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Abstract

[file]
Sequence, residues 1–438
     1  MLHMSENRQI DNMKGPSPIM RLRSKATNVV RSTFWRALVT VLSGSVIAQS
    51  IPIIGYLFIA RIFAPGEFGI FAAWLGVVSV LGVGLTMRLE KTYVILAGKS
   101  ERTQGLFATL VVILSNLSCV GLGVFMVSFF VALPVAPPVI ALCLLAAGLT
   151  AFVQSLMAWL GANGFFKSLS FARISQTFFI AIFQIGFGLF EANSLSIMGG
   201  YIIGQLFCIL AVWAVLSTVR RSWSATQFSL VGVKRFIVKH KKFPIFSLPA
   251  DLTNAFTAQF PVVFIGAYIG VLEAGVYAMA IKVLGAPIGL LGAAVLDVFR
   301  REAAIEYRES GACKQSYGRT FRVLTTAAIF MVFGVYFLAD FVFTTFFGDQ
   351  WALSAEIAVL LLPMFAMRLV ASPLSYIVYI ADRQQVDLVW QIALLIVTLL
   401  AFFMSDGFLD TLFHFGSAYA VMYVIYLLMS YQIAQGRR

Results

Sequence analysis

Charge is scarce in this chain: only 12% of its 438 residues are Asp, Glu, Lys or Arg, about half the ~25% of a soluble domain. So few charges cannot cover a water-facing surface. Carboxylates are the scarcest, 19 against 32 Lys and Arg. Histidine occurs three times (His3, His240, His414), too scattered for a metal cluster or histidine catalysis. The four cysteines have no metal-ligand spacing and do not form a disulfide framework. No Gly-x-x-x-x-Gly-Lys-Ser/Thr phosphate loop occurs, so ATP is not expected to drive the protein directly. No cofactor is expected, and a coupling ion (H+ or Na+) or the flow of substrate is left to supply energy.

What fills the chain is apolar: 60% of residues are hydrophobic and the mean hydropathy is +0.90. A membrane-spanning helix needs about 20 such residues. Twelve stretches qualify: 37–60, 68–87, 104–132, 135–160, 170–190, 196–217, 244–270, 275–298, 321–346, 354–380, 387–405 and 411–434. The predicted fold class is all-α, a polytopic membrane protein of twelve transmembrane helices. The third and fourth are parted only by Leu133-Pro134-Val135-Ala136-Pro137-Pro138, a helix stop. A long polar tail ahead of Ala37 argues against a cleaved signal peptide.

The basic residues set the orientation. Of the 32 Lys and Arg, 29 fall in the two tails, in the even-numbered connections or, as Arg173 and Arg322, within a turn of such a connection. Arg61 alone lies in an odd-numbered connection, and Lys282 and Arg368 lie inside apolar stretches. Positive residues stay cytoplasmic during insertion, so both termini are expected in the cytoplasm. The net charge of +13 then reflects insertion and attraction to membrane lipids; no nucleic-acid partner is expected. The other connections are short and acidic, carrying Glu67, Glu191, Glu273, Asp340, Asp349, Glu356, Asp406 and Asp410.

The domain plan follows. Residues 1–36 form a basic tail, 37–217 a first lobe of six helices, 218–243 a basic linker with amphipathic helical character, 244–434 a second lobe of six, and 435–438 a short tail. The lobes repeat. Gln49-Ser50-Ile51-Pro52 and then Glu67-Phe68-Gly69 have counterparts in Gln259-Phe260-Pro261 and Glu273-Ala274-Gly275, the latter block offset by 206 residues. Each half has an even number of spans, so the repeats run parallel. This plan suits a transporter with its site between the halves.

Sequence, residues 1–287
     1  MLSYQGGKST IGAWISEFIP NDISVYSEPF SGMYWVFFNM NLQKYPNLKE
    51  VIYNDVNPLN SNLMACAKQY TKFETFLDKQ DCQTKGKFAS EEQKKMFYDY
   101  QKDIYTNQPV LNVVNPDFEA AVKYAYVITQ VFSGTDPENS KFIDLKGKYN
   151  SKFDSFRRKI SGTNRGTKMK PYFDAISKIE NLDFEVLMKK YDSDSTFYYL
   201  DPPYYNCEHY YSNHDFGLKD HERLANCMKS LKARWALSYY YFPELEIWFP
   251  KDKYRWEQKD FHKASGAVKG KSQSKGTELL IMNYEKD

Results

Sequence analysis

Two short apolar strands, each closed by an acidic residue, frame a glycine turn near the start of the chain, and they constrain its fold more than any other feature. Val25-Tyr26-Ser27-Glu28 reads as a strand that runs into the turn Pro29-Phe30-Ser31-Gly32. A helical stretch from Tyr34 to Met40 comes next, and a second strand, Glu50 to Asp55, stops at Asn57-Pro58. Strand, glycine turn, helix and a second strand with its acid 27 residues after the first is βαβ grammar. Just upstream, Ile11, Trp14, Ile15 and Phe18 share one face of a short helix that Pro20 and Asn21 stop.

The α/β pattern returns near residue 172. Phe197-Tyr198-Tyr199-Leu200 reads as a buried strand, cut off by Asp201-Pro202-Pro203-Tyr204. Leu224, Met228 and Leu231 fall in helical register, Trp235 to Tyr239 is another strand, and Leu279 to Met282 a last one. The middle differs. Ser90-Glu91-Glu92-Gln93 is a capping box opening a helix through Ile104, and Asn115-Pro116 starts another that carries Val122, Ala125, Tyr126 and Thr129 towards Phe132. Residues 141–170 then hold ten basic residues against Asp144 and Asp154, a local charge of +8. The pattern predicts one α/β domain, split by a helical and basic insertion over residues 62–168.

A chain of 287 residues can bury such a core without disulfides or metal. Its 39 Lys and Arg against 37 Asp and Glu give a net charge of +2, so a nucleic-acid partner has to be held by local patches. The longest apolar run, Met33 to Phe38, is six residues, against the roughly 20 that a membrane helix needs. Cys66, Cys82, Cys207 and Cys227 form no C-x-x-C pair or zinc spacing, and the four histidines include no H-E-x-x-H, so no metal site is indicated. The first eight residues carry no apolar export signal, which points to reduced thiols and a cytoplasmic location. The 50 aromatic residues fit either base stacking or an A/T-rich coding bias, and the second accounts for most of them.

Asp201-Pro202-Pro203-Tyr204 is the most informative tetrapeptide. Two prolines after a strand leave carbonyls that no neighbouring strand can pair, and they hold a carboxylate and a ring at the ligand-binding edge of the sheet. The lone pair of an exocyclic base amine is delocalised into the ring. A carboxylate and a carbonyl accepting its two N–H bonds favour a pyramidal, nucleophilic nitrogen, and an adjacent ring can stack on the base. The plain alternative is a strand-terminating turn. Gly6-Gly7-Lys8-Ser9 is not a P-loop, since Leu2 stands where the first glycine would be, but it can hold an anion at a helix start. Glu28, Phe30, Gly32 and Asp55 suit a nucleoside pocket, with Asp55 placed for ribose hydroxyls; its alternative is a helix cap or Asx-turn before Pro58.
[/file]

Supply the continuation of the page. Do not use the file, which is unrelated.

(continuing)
Cool to periglacial conditions, accompanied by a sea-level drop, are thought to result in an unchanged composition and ecological meaning of the rhodalgal carbonates, which occur frequently in the present-day, current-swept areas of the Mediterranean upper shelf. Form, internal structure and species composition of rhodoliths are believed to reflect the environmental conditions present in their biotope. To test these hypotheses, the relationship between rhodolith facies and sea-level rise was investigated in four cores recovered at the Pontian Islands (Tyrrhenian Sea) shelf break. The core basal intervals have been AMS radiocarbon dated providing uncalibrated ages ranging from 10 040 ± 50 years bp to 10 380 ± 50 years bp. All four cores show a transition from basal rhodolith-rich, biodetritic, muddy-gravelly sand to rhodolith-barren, silty sand or sandy mud, along a deepening-upward succession. A facies of coralline-coated fragments of bryozoan colonies has been identified above the rhodolith facies as the deepest coralline growth form in all cores, before the final burial. Molluscan associations and rhodolith abundance, morphology and composition are ecologically compatible with the embedding sediment and testify the transition from the late Pleistocene circalittoral coastal detritic or shelf-edge detritic assemblages at the base of cores, up to the present-day bathyal muds. In the late Pleistocene and Holocene, as at present, the Pantine shelf was characterized by a low sedimentary input under moderate current action, fostering deep coralline growth.

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